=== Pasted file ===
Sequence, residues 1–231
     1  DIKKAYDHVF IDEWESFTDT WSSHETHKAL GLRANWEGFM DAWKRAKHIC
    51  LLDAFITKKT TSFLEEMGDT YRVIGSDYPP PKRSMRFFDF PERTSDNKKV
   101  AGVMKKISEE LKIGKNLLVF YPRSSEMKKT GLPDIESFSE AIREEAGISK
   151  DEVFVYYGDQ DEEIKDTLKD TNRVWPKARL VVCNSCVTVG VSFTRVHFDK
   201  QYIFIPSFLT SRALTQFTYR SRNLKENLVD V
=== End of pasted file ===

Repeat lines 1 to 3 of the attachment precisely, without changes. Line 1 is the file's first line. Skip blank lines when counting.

Sequence, residues 1–231
     1  DIKKAYDHVF IDEWESFTDT WSSHETHKAL GLRANWEGFM DAWKRAKHIC
    51  LLDAFITKKT TSFLEEMGDT YRVIGSDYPP PKRSMRFFDF PERTSDNKKV